I was hungover; I was SO tired. I was also broody and sad and I needed something to cheer me up and coffee is my go-to pick-me-up, always and forever.
I would've enjoyed my food a lot more if I wasn't broody and sad though. Alas.
Anyway, I managed to have a great day despite my waking up feeling physically spent, then my being broody and sad for stupid reasons. I saw the Spanish Steps, the Trevi fountain thing, the Pantheon, the Piazza Navona, finally saw the Tiber, and...the Corte di Cassazione.
I must admit that I was pretty awestruck. It's a gorgeous building and I have a thing for Supreme Courts. I still stop and stare sometimes when I walk past the Royal Courts of Justice, never mind that I've walked past it 284763727183838 times already (I know the House of Lords aren't there but still. I know it's now the Supreme Court but I'm stuck in the past so sue me). Once again, I accidentally stumbled upon the Corte; I really just wanted to see the river and so I took the quickest route from the Piazza. Sometimes, not researching much beforehand and just figuring it out as you go along leads to nice moments like today, when I crossed the road to Ponte Umberto I and found myself staring at this majestic building. I was genuinely excited and awestruck and I started recalling the cases I read in CCL: Rights and Theory of Human Rights Law and trying to remember if any of them were Italian. Alas, the only Italian ones were those brought before the European Court of Human Rights. I heard that the building in Strasbourg is ugly. Also, I didn't know that Strasbourg was in France until the road trip; always thought it was in Germany. Obviously would never have heard of it if it weren't for the ECtHR.
A random note: in my head I pronounce "Cassazione" in its French equivalent. I immediately think of Gary Bell and his Comparative Legal Traditions course in Year 2 of law school, one of my favourite subjects, and I hear him say the French word in my head. Strange but true.
I was sent into a brief moment of panic when I felt fat rain drops on my head when I was salivating over the Corte. It rained pretty heavily...for all of one minute. I was relieved that it stopped pretty fast. Not only was I without an umbrella, I could see nowhere in my immediate vicinity where I could seek shelter either. I was glad, too, that the weather forecasts were wrong and that it didn't rain in the day. (I checked three forecasts, four including the app in my phone).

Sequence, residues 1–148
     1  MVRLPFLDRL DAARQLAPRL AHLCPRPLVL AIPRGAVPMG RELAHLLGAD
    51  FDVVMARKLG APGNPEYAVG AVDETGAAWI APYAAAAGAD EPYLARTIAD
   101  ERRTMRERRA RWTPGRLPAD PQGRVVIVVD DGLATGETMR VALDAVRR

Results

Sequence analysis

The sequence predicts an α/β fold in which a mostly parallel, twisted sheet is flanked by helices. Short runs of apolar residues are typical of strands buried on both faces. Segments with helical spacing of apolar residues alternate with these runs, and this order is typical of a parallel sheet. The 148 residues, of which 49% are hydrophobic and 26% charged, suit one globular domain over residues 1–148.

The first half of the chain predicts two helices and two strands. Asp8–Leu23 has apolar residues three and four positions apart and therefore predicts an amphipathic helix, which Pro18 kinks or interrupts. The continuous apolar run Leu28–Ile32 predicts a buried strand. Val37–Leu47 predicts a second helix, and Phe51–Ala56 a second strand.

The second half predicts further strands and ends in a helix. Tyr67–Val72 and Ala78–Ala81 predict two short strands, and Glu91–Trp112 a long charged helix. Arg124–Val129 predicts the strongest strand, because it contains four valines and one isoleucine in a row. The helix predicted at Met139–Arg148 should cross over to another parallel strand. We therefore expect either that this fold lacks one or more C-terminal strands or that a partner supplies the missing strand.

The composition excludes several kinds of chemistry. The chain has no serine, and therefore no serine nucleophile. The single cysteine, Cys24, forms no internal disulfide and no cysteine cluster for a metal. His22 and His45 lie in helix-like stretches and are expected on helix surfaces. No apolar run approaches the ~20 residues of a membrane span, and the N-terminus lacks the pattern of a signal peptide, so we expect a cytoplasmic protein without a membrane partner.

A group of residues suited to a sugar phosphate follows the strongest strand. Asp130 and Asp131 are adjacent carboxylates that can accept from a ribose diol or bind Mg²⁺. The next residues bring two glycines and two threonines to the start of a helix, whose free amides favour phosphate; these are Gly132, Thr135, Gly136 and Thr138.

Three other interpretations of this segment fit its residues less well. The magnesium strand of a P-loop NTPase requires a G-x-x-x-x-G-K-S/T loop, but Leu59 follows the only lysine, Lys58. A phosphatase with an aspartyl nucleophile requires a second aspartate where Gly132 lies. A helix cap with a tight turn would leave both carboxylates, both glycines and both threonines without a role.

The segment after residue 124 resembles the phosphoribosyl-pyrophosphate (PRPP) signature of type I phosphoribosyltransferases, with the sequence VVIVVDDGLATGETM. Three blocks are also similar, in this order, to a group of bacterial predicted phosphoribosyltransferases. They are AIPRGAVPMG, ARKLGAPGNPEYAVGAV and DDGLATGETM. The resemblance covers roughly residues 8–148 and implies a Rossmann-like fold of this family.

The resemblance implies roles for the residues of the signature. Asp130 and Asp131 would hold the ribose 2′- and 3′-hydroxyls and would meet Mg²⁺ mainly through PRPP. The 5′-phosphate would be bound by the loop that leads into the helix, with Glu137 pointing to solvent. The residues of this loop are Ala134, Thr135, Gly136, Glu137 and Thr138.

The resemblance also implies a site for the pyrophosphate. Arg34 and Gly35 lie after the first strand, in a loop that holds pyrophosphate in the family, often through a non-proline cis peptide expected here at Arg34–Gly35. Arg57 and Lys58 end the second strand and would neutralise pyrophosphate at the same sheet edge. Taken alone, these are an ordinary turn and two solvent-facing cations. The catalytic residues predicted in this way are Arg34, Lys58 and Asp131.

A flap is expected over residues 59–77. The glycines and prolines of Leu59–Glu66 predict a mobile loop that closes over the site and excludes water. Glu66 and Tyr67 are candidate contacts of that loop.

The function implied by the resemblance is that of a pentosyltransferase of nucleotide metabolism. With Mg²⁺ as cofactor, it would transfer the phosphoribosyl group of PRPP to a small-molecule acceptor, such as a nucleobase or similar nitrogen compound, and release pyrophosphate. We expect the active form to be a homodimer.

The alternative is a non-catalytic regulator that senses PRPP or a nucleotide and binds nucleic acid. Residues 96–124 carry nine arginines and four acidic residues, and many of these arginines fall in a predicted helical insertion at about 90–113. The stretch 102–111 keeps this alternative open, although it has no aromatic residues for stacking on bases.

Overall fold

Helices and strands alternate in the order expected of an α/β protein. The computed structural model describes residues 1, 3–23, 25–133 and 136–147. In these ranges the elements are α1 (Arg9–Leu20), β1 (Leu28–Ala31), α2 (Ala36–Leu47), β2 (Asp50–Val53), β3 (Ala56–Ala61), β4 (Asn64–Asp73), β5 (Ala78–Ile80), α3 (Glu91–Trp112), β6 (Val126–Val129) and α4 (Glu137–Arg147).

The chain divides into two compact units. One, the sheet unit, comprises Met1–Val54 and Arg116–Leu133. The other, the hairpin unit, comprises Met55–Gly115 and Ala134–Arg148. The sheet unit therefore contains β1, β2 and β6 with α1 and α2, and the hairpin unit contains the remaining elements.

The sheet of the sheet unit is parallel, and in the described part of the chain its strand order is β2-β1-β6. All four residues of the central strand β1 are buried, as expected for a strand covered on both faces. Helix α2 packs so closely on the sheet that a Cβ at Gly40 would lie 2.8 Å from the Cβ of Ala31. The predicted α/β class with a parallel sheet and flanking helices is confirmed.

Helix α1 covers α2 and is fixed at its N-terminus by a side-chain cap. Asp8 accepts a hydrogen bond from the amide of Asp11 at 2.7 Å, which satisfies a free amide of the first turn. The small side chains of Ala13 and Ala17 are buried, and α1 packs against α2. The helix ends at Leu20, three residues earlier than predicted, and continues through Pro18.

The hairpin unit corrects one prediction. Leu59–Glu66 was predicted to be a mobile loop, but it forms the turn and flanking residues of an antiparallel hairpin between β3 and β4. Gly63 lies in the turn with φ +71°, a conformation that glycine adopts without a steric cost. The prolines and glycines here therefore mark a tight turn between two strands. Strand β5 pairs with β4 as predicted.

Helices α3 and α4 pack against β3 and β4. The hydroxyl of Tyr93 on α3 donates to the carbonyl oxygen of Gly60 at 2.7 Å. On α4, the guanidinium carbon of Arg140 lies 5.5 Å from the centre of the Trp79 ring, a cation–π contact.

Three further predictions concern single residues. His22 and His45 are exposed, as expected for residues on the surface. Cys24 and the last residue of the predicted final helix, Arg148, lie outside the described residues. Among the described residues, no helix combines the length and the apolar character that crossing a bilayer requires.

I was, however, rather horrified at the sheer number of tourists at the Spanish Steps, the Fountain and of course, the Pantheon. I mean, every time I have to go to Piccadilly Circus, which has become one of my most hated places in London, I am just blown away by how many people there are. Today, it was like being in Piccadilly Circus, but worse, because there weren't as much space and the crowd simply appeared way more massive. This was especially so at the Fountain. It was sheer madness.
I am also pleased to say that I got kicked out of the church at the top of the Spanish Steps because I was in a skater skirt that showed my knees. The guard was right on time because I was gonna leave anyway.
I feel like I have so much more to say but it's such a bitch writing on my phone and I can't wake up at 11 again tomorrow so I am going to bed.
I shall conclude this entry with a very profound thought: monogamy is a forced habit. At the very least, it's an acquired one.
Back to London tomorrow. I think I'm gonna miss Rome a lot. Can't wait to go to Trastevere and eat!!!